The recent options in medical insurance aren't as complicated as the medical care and science they pay for, but it can seem that way as you try to decipher and unravel the intricacies of HSAs, HRAs and FSAs.
A new entry in the health pay arena is
the "discount medical card" that some people
mistakenly think is a form of health insurance. These
cards are not, even though some companies create that
impression when they market and sell them. They are
just what the name implies: discount cards, such as
the ones you use to get discounts at restaurants and
If you've ever used a discount card that gives you 10 percent or 20 percent off a car rental, hotel room or meal, you understand the basic principle behind a discount medical card. If you've ever presented a card to a hotel, restaurant or car rental agency and been told that they do not accept that card, or that "your discount" will be less, or that it does not apply in "your particular case," you also understand the basic problem with discount medical cards.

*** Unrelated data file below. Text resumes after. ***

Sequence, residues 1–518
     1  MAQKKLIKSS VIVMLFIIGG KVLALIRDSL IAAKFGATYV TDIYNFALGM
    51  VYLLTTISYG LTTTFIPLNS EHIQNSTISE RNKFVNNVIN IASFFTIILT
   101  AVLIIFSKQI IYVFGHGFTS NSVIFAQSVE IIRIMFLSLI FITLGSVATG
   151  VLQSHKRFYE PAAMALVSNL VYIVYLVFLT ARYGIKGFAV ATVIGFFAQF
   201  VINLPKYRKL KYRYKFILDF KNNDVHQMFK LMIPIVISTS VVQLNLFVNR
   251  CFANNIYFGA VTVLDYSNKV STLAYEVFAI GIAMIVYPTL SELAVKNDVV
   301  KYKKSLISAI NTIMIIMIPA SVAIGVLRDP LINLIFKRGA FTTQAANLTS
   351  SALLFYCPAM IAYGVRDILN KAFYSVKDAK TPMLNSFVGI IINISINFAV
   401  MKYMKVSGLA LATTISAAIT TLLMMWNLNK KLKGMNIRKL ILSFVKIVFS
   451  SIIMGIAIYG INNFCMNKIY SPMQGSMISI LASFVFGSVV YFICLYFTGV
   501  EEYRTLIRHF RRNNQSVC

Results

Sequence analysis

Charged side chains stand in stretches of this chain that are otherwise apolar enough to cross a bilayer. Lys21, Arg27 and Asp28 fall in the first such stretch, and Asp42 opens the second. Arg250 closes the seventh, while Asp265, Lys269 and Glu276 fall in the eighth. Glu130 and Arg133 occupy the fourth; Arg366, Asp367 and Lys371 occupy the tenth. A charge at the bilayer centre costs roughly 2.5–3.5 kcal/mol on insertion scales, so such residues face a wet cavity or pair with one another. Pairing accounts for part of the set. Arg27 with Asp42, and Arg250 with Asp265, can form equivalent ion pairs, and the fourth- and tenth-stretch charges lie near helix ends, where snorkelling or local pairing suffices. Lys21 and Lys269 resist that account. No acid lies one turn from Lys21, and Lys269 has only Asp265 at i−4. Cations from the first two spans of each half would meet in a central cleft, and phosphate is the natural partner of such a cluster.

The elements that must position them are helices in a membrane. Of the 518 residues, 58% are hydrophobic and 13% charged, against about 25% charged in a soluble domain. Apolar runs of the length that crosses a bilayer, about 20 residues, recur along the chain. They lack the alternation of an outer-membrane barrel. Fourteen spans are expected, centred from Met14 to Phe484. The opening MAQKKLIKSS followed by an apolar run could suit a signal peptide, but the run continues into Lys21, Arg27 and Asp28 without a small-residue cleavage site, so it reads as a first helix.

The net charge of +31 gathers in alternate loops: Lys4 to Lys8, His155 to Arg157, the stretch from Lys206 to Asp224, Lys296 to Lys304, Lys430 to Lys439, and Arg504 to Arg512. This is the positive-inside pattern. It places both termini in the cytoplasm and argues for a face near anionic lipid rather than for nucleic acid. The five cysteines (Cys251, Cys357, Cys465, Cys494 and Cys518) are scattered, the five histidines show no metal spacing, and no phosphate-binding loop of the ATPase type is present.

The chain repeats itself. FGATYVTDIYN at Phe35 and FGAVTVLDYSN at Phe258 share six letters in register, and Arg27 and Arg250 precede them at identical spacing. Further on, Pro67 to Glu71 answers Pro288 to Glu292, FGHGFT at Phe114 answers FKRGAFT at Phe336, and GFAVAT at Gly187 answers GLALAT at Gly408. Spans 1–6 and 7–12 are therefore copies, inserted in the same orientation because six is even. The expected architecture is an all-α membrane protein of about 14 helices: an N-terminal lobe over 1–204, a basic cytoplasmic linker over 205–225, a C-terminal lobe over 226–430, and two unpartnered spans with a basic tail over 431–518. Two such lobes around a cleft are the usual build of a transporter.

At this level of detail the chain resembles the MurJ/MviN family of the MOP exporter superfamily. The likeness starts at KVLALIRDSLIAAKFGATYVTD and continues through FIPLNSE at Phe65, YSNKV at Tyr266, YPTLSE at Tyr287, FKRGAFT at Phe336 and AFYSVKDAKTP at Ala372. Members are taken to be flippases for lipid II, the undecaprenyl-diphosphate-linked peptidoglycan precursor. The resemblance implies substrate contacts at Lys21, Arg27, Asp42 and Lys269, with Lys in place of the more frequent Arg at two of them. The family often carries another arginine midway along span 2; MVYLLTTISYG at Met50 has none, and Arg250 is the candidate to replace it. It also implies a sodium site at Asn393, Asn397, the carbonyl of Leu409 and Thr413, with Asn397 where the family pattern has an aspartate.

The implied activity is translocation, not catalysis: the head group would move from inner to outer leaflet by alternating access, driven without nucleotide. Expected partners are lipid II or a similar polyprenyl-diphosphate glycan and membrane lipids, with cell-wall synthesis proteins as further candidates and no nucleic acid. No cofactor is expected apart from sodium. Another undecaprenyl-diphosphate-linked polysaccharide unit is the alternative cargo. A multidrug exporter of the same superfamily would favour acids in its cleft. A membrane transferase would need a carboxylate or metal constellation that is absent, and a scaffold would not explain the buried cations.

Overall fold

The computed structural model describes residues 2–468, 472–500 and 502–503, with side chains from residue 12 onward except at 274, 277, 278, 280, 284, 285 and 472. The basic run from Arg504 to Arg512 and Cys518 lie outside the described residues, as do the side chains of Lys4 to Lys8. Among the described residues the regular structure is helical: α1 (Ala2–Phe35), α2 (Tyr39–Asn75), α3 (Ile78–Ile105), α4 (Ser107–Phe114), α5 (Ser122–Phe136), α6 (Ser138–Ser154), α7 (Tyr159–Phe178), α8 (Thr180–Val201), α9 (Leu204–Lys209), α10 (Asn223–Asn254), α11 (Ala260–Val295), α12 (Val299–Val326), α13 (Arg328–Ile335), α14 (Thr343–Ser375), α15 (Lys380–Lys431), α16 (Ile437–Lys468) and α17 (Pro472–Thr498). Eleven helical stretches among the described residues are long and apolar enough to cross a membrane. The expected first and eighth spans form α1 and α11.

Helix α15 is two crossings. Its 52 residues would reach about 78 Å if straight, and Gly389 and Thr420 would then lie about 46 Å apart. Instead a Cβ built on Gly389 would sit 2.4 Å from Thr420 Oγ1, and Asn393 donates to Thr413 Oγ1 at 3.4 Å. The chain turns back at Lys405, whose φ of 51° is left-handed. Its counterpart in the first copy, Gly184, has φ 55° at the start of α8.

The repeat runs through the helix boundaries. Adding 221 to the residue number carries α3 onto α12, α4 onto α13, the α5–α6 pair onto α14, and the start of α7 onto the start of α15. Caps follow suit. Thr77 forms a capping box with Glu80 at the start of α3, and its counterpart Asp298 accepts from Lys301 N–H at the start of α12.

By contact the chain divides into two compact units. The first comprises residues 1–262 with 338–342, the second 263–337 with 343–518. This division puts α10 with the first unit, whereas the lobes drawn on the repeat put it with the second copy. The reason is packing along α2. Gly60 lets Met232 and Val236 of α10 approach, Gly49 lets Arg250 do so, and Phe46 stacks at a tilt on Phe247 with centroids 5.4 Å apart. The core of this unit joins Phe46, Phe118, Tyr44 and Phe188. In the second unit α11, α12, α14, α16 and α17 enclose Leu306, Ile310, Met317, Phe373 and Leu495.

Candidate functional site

According to the Coalition Against Insurance Fraud, many of the cards are "deceptive or fraudulent," and in order "to lure unwary customers," some card companies use advertising that "can make it seem like they're selling real insurance." Since they are not insurance companies, state agencies that oversee insurance companies have neither the power nor the authority to regulate them.
If you do not have any health insurance at all, a discount medical card can help. But before you buy one, make sure you know what you are getting and what it will cost you. You also need to ask for a list of providers in your area that accept the card. Then call the providers you are most likely to use and ask if they accept those cards and what sort of discount you can expect.
Just remember that you will be paying for medical service yourself. All you are getting -- you hope -- is a slightly lower bill.